Episode 52: Pregnancy Loss and Still Birth

On this show Dr. Heidi Horsley and Dr. Gloria Horsley talk with Chris Blake the chief operating officer of  “First Candle”.  They discuss the work of the foundation in saving babies’ lives, spearheading research, educating new moms and dads, and bringing hope to grieving families. Brooke Smith of Knot My Baby also appears on the show and talks about the death of her full-term baby in utero and how “First Candle” provided her with compassionate support.  Dr. Christiane Manzella, clinical director of Seleni, a New York based center, is also a guest and discusses Seleni’s help in providing women with reproductive, bereavement and maternal mental health services.

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  • Rie says:

    I’ve just read the Time article to get a smrumay of the author’s thinking. As a clergyperson for almost 30 years, I’ve seen a number of people live through loss and grief in a variety of ways, and have done so myself. I have found that people often experience the feelings that Kubler-Ross’s identified (as well as others), but it is been clear to me for many years that we do not expereince those feelings in systematic stages, but rather in unpredictable roller-coaster fashion not unlike the oscillating graph shown on this site. My own (admittedly anectodatal) take on grief is that the plethora of intense feelings we typically have for some period of time are the psyche’s way of honoring the importance to us of the person (or job or marriage or ) that have been lost. Once we have done that to the degree each needs, we are ready to move on in our lives. What I continue to observe is that while the varieties of approaches to grief process described and debunked in the Time article are widespread in the culture, it is also the case that in practical terms our culture often leaves little space and time for grieving. People are routinely expected to be able to return to normal functioing, especially in the work world, within a week or two of a major loss as if nothing significant had happened. There seems to be a disconnect between the possibly over-developed psychological approach to the inner work of grief and an under-developed acknowledgement in the public world of the functional challenges that people in the early, intense time of grieving often face.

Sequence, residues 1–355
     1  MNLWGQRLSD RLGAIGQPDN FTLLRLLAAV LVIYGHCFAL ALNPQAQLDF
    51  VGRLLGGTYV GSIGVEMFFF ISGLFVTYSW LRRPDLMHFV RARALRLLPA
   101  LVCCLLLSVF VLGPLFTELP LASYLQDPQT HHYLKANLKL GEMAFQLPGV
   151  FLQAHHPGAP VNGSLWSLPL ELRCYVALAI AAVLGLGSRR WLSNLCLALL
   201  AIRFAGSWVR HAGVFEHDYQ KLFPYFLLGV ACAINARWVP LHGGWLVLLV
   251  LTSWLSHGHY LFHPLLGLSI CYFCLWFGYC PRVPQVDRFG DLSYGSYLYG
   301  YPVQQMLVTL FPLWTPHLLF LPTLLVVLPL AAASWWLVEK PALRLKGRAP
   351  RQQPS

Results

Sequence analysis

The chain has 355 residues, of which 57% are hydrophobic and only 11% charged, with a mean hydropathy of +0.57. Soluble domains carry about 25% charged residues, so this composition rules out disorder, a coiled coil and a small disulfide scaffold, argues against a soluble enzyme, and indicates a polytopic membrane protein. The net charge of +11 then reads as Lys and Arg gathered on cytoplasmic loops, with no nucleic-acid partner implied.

• Dorah Agata says:

    Loss of child two weeks to due date (Stillbirth)